online communities

(5/10) My Top 10 Tips for Implementing Social Media

continued from part one, this article will be published in 10 instalments

Five: respecting one’s community (no hard-selling)

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(1/10) My Top 10 Tips for Implementing Social Media

note: this is the unabridged version of a post originally published at http://bnet.co.uk of which I am a regular contributor

this is part 1 of an article which is being published in 10 instalments

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Social Media Case Study: LEGO CLICK

LEGO is a brand that many people are very passionate about, a brand people love and we’ve written before about how they use segmentation to engage their consumer base from children to enthusiasts in an innovative way. Now they have continued their innovative approaches to engagement and embraced social media. In a big way.

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Essential Reading for Online Community Managers

A good friend of mine started a new job for the new year – working in social media for a UK charity. She asked me what reading I could recommend for somebody looking to learn more about online communities and how they can be launched and grown. There are a whole range of great books out there on how social media is used and the impact this is having on society (anything by Gladwell or Shirky would be a great starting point), but she was interested specifically in things that help managing and growing communities online.

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McDonald’s Serves up Social Media

McDonald’s is the world’s largest and fastest growing food service organisation. It is also a brand that attracts a lot of discussion and debate online. Not all of it positive.

This presentation from Heather Oldani, their Director of PR, is a great overview of how McDonald’s is using social media and online communities. From Twitter and Facebook to their own online communities.

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How Online Communities Are Changing the Way We Watch Television

Earlier this year we posted a series of examples of online communities in the TV industry. We looked at the way ‘old’ and ‘new’ media combine, how television broadcasters and production companies are working with online media. The examples we chose were all of ways in which online communities can be used to provide an additional set of experiences for a viewer, often after a programme has aired. From Channel Four’s Sexperience online community which supported the Sex Education Show to HGTV’s  Rate My Space online community for people to share home improvement photos and tips.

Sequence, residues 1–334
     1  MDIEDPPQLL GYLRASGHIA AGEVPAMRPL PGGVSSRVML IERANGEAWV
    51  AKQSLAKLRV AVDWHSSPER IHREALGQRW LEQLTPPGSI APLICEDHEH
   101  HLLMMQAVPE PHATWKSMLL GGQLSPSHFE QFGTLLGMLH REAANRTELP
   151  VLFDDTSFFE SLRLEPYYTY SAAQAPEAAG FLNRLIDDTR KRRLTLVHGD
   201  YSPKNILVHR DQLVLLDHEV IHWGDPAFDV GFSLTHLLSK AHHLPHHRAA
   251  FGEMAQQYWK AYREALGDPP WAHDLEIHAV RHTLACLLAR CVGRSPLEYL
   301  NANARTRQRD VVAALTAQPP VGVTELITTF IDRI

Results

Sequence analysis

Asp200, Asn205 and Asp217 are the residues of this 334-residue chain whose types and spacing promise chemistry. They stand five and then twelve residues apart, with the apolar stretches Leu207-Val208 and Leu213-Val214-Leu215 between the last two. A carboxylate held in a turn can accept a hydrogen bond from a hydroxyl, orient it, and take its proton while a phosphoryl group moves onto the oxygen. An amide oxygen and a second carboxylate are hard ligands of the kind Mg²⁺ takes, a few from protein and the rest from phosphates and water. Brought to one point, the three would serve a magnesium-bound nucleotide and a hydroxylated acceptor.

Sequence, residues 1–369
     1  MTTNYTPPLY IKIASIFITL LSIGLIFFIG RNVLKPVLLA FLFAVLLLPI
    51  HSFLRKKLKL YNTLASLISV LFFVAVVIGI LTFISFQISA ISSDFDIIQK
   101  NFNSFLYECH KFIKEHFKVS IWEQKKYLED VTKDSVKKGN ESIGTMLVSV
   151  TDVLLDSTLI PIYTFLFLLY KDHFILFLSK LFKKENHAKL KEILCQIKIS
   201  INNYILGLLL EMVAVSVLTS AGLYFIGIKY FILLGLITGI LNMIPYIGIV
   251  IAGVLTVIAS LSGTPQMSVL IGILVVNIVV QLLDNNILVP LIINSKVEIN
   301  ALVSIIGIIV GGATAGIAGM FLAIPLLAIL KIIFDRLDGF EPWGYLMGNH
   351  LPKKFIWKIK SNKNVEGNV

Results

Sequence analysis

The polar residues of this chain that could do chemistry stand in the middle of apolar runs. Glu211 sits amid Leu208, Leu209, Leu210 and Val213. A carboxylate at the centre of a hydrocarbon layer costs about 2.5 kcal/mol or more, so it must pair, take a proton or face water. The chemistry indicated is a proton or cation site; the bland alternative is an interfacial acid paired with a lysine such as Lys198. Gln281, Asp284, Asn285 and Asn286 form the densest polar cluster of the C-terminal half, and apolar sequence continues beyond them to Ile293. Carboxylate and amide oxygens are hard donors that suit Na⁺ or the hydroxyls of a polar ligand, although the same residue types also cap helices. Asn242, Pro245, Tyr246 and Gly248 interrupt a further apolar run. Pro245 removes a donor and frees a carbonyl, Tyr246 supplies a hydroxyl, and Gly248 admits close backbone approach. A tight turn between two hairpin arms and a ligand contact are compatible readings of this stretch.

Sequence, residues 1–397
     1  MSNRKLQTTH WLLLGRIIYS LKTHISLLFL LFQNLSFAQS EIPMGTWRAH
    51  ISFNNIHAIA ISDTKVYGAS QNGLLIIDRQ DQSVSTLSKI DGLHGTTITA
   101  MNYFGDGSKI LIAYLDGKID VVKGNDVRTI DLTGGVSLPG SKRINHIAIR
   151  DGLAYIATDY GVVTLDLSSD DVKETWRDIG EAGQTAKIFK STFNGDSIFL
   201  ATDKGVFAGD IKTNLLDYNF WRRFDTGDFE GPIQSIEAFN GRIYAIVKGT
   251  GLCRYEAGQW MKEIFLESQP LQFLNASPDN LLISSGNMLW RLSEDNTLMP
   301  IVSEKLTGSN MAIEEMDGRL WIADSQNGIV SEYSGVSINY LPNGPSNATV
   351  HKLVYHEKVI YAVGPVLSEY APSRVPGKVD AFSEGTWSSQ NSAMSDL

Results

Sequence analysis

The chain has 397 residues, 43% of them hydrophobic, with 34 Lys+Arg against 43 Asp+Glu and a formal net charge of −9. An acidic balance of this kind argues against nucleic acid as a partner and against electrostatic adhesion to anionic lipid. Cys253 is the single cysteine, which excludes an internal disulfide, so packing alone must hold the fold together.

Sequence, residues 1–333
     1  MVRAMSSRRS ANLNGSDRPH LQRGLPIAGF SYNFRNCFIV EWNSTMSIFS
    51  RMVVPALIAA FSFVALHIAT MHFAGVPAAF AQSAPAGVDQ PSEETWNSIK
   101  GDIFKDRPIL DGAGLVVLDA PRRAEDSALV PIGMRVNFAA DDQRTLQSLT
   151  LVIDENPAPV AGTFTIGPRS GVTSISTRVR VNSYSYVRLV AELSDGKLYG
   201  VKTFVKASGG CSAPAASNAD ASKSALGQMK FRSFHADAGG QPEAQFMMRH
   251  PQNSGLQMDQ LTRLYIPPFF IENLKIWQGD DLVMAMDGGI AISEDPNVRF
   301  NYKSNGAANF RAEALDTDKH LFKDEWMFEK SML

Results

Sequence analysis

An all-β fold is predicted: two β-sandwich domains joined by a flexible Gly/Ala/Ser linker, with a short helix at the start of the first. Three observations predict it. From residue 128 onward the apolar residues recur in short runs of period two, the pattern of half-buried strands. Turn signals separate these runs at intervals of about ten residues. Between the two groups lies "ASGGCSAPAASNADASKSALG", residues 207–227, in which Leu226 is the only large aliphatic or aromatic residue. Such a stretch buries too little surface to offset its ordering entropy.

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Building Communities as the Saying Goes…

As I wrote in the final part of the Roadmap to SCRM series, we are plunging into an era of community participation.

Communities are so much more than the traditional forum-like model. It is necessary to build good communities to get value and a return on the investment you put into it.

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Getting Started 4: Track and Evaluate the Success You Are Having

For any brand getting started in social media, the most important thing is to be able to show the impact you are having. To be able to evaluate and assess what is working and what isn’t having the results that you might expect. To show the return on investment that your efforts are having and how this compares to other methods.

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Content and Community

I spoke at the Oktoberfest Innovation Seminar (organised by the smart folks at Brainjuicer) in Munich at the end of last week, sharing the bill with the HerdmeisterDavid from Ag8, Simon Blyth at IDEO, and John Kearon (Chief Juicer). It seems there's much talk of the death of this and that, so I chose to do my talk on the opportunity I see for content owners and producers in a connected world, if they think in the right way. Some of the points (and a few of the slides) will be familiar to regular readers of this blog, but there's also some new stuff and I was keen to include a selection of examples I think exemplify what I talk about. I thought it might be useful to share it here, so here it is.

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Twitter vs the British Press (the Cases of Carter Ruck and Jan Moir)

Two things this week have shown the weakness of the traditional media outlets in the face of online communities of people. On Monday a judge issued an embargo on the Guardian newspaper to stop it reporting a question that was asked in the House of Commons. Within 18 hours not only had this embargo been lifted, but the question itself had possibly become the most reprinted and widest spread question ever raised in the British Parliament.

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